October 7, 2010 Leave a comment
Not a supernova
Sure, there are other things in the night sky that behave that way, including supernovae themselves, but this particular burst of brightness carried completely unrecognizable features. The light came to our attention thanks to the Hubble Space Telescope, which wanders the universe sending back pictures of very cool things for us to investigate. In this case, Hubble was trained on a cluster of galaxies in a constellation known as Bootes, which is home to Arcturus, said to be the fourth brightest star in the night sky. But this mystery light in 2006 briefly gave Arcturus more competition than a supernova.
A supernova gives off an intense amount of light that can actually outshine a galaxy during its relatively brief period of existence. But supernovae do not last longer than 70 days, and usually are radiant for only about three weeks. The mystery light, on the other hand, burned for 200 days. Another example of light changes in the night sky is microlensing, in which light from a distant object bends around something of enormous mass, such as a cluster of galaxies, thanks to gravitational pull. This light didn’t fit that description, either.
No signature matches
In fact, when astronomers compared its atomic spectra signature with all known signatures in their databases, they found nothing that matched. Spectral signature analysis is one way we determine the elemental makeup of something that is light years away. The signature results from a pattern of light wave frequencies, which begin thanks to the vibrations of electrons. Electrons within an atom can vibrate at different frequencies, so atoms emit light waves at different frequencies. We see those differences as bands of color when we look at them through a device that separates the wavelengths, and different elements exhibit different banding patterns: hydrogen, for example, has a different color banding pattern than helium. Thus, we can look at light traveling from billions of miles away and determine the elemental makeup of its source based on the banding patterns of these emissions.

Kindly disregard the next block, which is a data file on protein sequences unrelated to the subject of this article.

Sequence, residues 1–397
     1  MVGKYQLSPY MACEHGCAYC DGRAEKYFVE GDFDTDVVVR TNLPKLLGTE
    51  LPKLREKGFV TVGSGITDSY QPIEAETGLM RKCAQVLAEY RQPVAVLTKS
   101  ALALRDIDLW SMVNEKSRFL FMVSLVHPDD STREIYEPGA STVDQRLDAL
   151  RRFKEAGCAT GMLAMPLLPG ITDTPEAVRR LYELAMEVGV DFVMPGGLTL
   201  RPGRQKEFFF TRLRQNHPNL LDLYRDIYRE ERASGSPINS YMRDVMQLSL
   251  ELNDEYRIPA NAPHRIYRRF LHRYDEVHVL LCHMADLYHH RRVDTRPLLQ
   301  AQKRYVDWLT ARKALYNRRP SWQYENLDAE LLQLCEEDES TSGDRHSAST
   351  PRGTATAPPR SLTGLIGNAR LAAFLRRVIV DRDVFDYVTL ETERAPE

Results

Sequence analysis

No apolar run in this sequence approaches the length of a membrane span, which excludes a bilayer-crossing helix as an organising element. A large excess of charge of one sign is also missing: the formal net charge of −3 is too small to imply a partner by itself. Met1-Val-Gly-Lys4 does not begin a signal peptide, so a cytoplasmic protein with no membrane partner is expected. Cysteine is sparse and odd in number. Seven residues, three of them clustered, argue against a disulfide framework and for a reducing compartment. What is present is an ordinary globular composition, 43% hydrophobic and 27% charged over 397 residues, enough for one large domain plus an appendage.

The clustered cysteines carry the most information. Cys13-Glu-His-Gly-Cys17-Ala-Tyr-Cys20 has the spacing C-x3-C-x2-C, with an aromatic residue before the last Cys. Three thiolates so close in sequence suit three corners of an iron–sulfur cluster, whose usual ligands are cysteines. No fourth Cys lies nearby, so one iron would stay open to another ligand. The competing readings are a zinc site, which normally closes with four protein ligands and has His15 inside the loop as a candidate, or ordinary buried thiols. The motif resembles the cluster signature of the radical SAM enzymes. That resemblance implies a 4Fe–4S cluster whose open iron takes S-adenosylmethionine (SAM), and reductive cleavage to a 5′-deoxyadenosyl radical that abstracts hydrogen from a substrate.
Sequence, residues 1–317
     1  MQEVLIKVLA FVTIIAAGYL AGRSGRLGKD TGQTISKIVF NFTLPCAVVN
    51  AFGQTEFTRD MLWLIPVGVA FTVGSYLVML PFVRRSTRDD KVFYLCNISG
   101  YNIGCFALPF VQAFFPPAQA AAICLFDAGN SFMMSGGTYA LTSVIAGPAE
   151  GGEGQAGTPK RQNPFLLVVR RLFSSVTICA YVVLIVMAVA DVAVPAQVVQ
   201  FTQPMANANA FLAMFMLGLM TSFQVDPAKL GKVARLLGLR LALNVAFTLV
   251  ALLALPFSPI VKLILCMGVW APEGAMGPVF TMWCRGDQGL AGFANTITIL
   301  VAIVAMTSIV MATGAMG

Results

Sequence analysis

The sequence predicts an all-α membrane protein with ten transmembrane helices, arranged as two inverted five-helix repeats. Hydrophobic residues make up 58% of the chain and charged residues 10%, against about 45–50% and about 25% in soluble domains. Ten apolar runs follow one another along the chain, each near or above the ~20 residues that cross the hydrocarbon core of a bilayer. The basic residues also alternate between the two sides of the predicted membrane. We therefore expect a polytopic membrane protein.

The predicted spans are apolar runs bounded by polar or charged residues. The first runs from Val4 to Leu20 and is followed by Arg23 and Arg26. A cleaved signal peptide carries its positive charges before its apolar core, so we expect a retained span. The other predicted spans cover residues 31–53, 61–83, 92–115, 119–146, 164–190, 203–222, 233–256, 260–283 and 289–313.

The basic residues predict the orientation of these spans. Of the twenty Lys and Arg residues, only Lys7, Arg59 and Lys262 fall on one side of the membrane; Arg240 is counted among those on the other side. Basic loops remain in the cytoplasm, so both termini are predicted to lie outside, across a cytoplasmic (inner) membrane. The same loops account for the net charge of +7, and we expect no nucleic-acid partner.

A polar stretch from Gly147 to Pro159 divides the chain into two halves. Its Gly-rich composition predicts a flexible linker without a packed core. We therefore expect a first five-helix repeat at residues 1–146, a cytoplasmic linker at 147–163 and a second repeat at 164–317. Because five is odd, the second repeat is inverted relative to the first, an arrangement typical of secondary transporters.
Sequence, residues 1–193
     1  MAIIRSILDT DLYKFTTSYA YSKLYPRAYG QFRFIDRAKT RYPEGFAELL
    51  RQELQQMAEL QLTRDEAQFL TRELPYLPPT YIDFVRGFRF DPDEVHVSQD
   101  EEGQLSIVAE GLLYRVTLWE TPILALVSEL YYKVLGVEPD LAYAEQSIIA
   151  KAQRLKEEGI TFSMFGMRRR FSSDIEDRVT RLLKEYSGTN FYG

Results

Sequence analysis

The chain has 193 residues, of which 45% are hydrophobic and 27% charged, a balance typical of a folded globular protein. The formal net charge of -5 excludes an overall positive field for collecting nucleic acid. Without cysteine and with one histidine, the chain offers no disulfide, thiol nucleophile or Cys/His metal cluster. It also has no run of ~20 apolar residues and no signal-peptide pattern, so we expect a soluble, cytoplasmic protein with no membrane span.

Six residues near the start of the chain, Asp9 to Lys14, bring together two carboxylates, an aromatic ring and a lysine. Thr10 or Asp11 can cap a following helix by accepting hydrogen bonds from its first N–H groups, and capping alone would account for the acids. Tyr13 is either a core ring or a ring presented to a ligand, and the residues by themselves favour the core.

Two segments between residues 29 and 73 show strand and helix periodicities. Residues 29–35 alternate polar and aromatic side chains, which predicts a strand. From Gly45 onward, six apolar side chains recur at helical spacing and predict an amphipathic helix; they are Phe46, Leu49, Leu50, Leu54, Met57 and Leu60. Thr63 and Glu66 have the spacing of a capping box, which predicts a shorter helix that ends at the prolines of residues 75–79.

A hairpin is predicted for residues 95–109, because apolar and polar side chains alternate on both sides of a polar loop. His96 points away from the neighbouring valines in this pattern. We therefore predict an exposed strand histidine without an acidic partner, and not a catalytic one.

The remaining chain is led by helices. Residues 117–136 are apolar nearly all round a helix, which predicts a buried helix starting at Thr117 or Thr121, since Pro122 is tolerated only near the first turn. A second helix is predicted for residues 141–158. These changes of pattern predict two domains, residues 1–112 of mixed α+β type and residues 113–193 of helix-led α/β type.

But the banding signature of the mystery light didn’t match that of any known cosmic object. What also remained mysterious was exactly how far away the light was. Astronomers could roughly say that it was no closer than 130 light years because it lacked parallax motion, which diminishes with distance. For a good example of how parallax motion changes with distance, close one eye and hold your thumb up close to your face. Now, switch eyes, closing one and opening the other. Switch back. You’ll see that your thumb appears to shift position. That’s parallax motion. Now, hold your thumb at arm’s length and do the same thing. You’ll see that the shift is considerably less. At a predictable distance—130 light years—such a shift on a cosmic scale would be undetectable. But all astronomers can really say is that it’s no closer than that and no farther away than 11 billion light years, based on the lack of a hydrogen signature.
Destined to remain an engima
So right now, the Mystery Light (otherwise known as SCP 06F6) that’s not too close and, in cosmic terms, not that far away, remains an enigma. Some have suggested that it was the radiant remnant of an enormous interstellar collision, perhaps between a white dwarf, an incredibly dense star at the end of its life, and a black hole. But the signs—from the spectral signature to the lack of microlensing—don’t really fit that scenario. Whatever it was, this light that grew in brightness by 120 times before fading away completely will remain a mystery for the foreseeable future.